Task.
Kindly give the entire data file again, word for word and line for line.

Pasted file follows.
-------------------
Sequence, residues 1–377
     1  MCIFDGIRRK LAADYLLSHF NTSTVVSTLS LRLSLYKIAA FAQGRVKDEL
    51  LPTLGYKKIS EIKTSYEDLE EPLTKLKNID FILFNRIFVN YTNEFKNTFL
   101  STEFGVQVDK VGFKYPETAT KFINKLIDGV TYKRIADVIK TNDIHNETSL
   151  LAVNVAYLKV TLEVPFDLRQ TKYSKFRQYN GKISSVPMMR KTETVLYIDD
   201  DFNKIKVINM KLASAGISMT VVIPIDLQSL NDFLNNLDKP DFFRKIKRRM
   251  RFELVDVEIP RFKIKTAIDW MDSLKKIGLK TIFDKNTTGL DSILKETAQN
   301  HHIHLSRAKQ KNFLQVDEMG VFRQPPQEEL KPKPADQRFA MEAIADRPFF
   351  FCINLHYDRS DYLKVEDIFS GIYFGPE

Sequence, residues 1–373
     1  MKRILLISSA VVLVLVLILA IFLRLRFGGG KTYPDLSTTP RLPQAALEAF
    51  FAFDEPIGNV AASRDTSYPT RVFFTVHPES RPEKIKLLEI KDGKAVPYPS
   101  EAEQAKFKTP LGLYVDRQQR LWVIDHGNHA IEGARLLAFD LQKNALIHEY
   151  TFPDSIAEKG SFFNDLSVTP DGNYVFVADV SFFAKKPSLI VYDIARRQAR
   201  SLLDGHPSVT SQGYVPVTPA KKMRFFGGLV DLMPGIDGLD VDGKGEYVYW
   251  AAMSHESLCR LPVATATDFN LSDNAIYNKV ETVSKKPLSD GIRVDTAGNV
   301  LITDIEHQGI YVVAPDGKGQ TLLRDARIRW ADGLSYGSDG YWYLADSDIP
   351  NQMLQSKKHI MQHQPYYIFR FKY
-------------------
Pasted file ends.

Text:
Sequence, residues 1–377
     1  MCIFDGIRRK LAADYLLSHF NTSTVVSTLS LRLSLYKIAA FAQGRVKDEL
    51  LPTLGYKKIS EIKTSYEDLE EPLTKLKNID FILFNRIFVN YTNEFKNTFL
   101  STEFGVQVDK VGFKYPETAT KFINKLIDGV TYKRIADVIK TNDIHNETSL
   151  LAVNVAYLKV TLEVPFDLRQ TKYSKFRQYN GKISSVPMMR KTETVLYIDD
   201  DFNKIKVINM KLASAGISMT VVIPIDLQSL NDFLNNLDKP DFFRKIKRRM
   251  RFELVDVEIP RFKIKTAIDW MDSLKKIGLK TIFDKNTTGL DSILKETAQN
   301  HHIHLSRAKQ KNFLQVDEMG VFRQPPQEEL KPKPADQRFA MEAIADRPFF
   351  FCINLHYDRS DYLKVEDIFS GIYFGPE

Sequence, residues 1–373
     1  MKRILLISSA VVLVLVLILA IFLRLRFGGG KTYPDLSTTP RLPQAALEAF
    51  FAFDEPIGNV AASRDTSYPT RVFFTVHPES RPEKIKLLEI KDGKAVPYPS
   101  EAEQAKFKTP LGLYVDRQQR LWVIDHGNHA IEGARLLAFD LQKNALIHEY
   151  TFPDSIAEKG SFFNDLSVTP DGNYVFVADV SFFAKKPSLI VYDIARRQAR
   201  SLLDGHPSVT SQGYVPVTPA KKMRFFGGLV DLMPGIDGLD VDGKGEYVYW
   251  AAMSHESLCR LPVATATDFN LSDNAIYNKV ETVSKKPLSD GIRVDTAGNV
   301  LITDIEHQGI YVVAPDGKGQ TLLRDARIRW ADGLSYGSDG YWYLADSDIP
   351  NQMLQSKKHI MQHQPYYIFR FKY